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Recipient dendritic cells dictate allograft fate

Divito, Sherrie Jill (2009) Recipient dendritic cells dictate allograft fate. Doctoral Dissertation, University of Pittsburgh. (Unpublished)

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Organ transplantation is a life-saving and increasingly common procedure, as it often serves as the only treatment available for end-stage organ disease. Although the constant development of new and more effective immunosuppressive drugs has revolutionized the prevention and treatment of acute graft rejection, these drugs have significant toxicity, greatly increase patient susceptibility to neoplasms and infection and exert little impact on chronic rejection.A major obstacle to developing improved therapeutics is a lack of understanding the mechanisms by which the adaptive immune response is initiated, and how cellular therapies impact this response. Previous research has provided a mechanistic scaffold, however numerous gaps, often filled with assumptions rather than data, remain. In this dissertation, I demonstrate that contrary to current dogma, dendritic cell (DC)-based therapies simply serve as a source of alloantigen, and therefore have comparable efficacy to alternative cellular therapies. Further, I show that contradictory to the current paradigm of direct pathway T cell priming, recipient antigen-presenting cells (APC) stimulated via CD40 ligation by indirect pathway CD4+ T cells is requisite for a direct pathway response and allograft rejection. Conversely, I did validate the assumption that donor passenger APC are required for the direct pathway T cell response, but further show that they are also required for the indirect pathway T cell response, indicating that donor APC serve as a source of alloantigen for presentation by recipient APC. Finally, through investigating the role of recipient APC in cardiac allograft rejection, I identified that the recently described population of inflammatory monocyte-derived DC play a crucial role as effector cells that mediate a DTH-like response within cardiac allografts during acute rejection, while at the same time, inhibiting T cell effector responses within the graft and systemically.Overall, our data provide essential puzzle pieces to understanding the processes of acute allograft rejection and insight into the utility of DC-based therapies for transplantation.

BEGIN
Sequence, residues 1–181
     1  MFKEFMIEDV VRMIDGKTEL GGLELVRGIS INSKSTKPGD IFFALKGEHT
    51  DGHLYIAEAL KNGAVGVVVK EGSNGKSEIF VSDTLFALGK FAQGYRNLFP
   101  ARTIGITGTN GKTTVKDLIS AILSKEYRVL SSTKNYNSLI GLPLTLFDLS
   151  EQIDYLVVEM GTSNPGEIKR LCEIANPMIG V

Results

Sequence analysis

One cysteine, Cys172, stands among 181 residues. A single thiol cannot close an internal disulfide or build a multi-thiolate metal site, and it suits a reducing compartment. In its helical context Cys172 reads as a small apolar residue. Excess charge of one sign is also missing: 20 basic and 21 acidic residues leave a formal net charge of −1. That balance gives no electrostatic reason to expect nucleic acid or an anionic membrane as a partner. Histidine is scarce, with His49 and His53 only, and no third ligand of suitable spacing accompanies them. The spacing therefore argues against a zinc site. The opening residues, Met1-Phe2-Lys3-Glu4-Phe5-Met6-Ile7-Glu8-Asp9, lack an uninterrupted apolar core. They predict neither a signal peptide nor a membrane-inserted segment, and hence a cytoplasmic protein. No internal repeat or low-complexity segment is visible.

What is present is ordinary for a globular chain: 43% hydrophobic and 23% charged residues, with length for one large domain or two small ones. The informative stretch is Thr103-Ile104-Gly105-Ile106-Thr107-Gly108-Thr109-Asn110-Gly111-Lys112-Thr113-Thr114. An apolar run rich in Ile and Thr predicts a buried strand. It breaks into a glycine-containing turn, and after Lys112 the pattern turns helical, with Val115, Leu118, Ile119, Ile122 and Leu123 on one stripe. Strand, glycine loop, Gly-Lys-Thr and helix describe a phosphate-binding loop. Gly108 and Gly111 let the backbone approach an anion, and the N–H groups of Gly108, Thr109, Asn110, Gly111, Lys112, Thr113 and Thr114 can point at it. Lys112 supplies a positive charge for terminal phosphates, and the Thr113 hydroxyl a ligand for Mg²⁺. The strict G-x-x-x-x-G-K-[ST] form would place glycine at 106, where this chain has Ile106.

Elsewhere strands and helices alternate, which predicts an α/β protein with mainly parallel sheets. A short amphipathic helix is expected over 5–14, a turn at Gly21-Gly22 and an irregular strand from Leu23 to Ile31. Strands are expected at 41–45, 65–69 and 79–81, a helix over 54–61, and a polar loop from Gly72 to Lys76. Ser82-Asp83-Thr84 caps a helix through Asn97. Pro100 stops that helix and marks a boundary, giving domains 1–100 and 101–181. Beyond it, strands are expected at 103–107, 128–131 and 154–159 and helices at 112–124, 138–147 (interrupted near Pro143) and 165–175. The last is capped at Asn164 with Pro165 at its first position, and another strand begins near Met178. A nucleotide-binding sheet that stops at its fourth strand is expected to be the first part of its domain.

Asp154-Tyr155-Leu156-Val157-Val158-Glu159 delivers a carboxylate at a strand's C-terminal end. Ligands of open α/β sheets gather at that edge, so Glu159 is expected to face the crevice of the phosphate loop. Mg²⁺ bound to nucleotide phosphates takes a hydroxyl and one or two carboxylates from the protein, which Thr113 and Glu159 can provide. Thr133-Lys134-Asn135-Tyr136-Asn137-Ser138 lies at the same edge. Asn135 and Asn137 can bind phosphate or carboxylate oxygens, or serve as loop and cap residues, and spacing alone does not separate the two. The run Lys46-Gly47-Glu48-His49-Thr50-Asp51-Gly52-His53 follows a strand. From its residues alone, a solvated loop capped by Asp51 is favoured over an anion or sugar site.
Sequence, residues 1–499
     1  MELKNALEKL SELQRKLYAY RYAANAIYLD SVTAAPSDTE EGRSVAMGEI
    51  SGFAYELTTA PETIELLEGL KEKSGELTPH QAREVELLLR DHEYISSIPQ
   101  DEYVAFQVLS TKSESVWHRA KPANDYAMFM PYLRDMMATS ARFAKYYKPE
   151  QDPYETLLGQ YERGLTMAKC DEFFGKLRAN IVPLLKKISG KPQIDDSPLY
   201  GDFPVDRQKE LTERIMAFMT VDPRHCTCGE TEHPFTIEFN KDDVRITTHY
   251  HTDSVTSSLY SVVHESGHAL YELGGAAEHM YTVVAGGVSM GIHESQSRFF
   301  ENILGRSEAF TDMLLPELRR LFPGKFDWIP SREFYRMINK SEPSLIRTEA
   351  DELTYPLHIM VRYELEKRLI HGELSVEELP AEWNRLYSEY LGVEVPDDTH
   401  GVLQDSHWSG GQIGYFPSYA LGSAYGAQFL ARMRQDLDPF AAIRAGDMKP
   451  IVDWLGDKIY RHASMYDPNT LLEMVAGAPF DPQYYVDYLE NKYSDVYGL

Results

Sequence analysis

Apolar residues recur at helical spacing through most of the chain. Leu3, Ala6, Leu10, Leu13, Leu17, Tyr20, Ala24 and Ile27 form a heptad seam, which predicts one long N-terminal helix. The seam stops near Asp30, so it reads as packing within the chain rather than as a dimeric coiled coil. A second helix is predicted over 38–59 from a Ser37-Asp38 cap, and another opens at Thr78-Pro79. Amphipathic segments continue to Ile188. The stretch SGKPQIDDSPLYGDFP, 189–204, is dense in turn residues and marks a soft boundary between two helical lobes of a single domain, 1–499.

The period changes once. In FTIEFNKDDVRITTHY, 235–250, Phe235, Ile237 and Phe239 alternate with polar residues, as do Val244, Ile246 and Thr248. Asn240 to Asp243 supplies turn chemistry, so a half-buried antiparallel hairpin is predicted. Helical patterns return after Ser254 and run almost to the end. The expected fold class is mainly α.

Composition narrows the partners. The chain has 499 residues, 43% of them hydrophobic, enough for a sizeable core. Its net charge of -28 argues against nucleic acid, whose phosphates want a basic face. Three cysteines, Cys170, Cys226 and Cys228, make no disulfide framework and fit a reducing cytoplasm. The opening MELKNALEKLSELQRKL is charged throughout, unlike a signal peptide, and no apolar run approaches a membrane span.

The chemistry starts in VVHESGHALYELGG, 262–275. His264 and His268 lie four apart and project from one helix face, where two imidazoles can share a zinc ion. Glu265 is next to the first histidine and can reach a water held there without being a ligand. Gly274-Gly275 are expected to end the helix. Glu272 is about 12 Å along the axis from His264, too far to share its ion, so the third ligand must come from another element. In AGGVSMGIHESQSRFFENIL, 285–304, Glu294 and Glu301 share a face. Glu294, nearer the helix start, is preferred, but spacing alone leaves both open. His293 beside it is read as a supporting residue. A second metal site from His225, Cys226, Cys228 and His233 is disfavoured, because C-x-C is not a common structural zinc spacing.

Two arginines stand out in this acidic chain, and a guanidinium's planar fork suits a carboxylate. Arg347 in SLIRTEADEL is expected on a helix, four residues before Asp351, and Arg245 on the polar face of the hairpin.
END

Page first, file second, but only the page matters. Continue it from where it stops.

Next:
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Item Type: University of Pittsburgh ETD
Status: Unpublished
CreatorsEmailPitt UsernameORCID
Divito, Sherrie Jillsjd12@pitt.eduSJD12
ETD Committee:
TitleMemberEmail AddressPitt UsernameORCID
Committee ChairMorelli, Adrian Emorelli@imap.pitt.eduMORELLI
Committee MemberLarregina, Adriana
Committee MemberBeer-Stolz, Donna
Committee MemberLakkis, Fadi
Committee MemberSalter, Russell
Date: 28 July 2009
Date Type: Completion
Defense Date: 12 June 2009
Approval Date: 28 July 2009
Submission Date: 27 July 2009
Access Restriction: 5 year -- Restrict access to University of Pittsburgh for a period of 5 years.
Institution: University of Pittsburgh
Schools and Programs: School of Medicine > Immunology
Degree: PhD - Doctor of Philosophy
Thesis Type: Doctoral Dissertation
Refereed: Yes
Uncontrolled Keywords: antigen re-processing; monocytes; negative vaccination; tolerance; transplantation
Other ID:, etd-07272009-195433
Date Deposited: 10 Nov 2011 19:54
Last Modified: 15 Nov 2016 13:47


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